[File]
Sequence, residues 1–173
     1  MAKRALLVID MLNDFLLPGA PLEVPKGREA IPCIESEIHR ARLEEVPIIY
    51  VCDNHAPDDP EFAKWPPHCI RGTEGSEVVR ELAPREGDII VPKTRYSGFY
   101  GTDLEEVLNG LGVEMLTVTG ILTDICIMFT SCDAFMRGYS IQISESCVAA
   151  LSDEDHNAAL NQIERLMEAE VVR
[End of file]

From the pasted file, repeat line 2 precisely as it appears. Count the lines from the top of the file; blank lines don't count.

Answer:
     1  MAKRALLVID MLNDFLLPGA PLEVPKGREA IPCIESEIHR ARLEEVPIIY